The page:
The best businesses are those that give back.
Like that friend you know will always help you move without anything in return, a high degree of social corporate responsibility speaks volumes about the character of a company.
It makes it even more notable if the charitable company is a small business.
We’ve partnered with TELUS to bring you four small Canadian businesses that are exhibiting a high level of social responsibility and actively engaging their employees to join the cause.
If you don’t know of these businesses and what they’re doing, start paying attention, Not only is it really great stuff, but recent studies prove that consumers around the world are willing to pay more for products and services provided by companies that are committed to positive social and environmental impact.
Reunion Island Coffee
By now we hope you’ve heard of Reunion Island Coffee – and likely sampled it at a recent event in Toronto. The brainchild of a group of passionate coffee people, the company is armed with a goal to produce great coffee in a sustainable way and making it as accessible and approachable as possible. In other words, just because they’re passionate coffee people doesn’t mean they’re coffee snobs. The company gives back to the community in countless ways, including contributions to charities like Grounds for Health, Coffee Kids, Cup for Education, Second Harvest, and The Stop (just to name a few), to planting thousands of trees per year, and relying 100 per cent on renewable energy. On top of all this, their coffee is definitely better than what you’re sipping right now (unless it’s Reunion Island, of course).
The Green Kiss
The Green Kiss is an online cosmetic company that specializes in all-natural products that have become a quick go-to for health conscious young professionals on the west coast. The company sells natural makeup, mineral cosmetics, vegan and gluten-free beauty products (it’s not just about what you eat anymore), and supports the local community of small business owners by featuring environmentally friendly brands in Victoria and Vancouver. The company remains passionate in helping women in every way possible to ‘make the switch’ to products that are better for both the environment and the human body at their Beauty Bar in Victoria, where they offer full consultations. In 2014, the company was one of five finalists in the “Best Community Impact” category by Small Business B.C.
Though the head office for Obilerte footwear may be in Oakville, Ontario, daily operations happen far from there. The sustainable brand has an MO of supporting workers’ rights in sub-Saharan Africa. Their stylish, quality footwear comes with a lifetime warranty, but perhaps the best part about the shoes and boots is their backstory. The company started off as a small footwear company partnering with factories and suppliers in Africa, before gaining enough momentum to launch their own factory in Addis Ababa, Ethiopia in 2012. In 2013, the company became the world’s first Fair Trade Certified™ footwear manufacturing factory. When it comes to the environment, the company sources everything locally, and tries to use sustainable, eco-friendly material wherever possible.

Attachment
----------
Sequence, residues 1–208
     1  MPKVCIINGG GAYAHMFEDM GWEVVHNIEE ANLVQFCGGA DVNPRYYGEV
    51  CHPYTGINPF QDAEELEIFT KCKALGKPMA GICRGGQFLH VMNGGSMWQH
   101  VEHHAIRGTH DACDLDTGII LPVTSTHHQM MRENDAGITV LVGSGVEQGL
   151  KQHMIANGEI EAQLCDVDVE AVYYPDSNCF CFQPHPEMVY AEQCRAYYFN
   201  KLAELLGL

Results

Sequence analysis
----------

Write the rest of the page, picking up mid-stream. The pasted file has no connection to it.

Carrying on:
Beau’s is an environmental steward and leader when it comes to craft brewing – and it’s got multiple awards to prove it. The reason the beer goes down so easy is because it’s certified organic and made with local spring water and 100 per cent certified organic malt and hops. But the most notable feature of the company is that its purchasing policy favours only quality local suppliers; those with good environmental track records, and who treat their employees fairly and with respect. In 2014, the company became the first craft brewery in Canada to choose 100 per cent green natural gas in addition to 100 per cent green electricity with Bullfrog Power. Furthermore, since 2011, the company has been operating The Greener Futures Project, a limited beer club with the goal of helping Beau’s become a totally sustainable brewery. You can also feel better about drinking your beer knowing it’s one of the small number of breweries in North America to use beer labels made from 100 per cent post-consumer recycled paper. Finally, the company donates to more than 100 independent arts and music, community-building, and charitable organizations every year.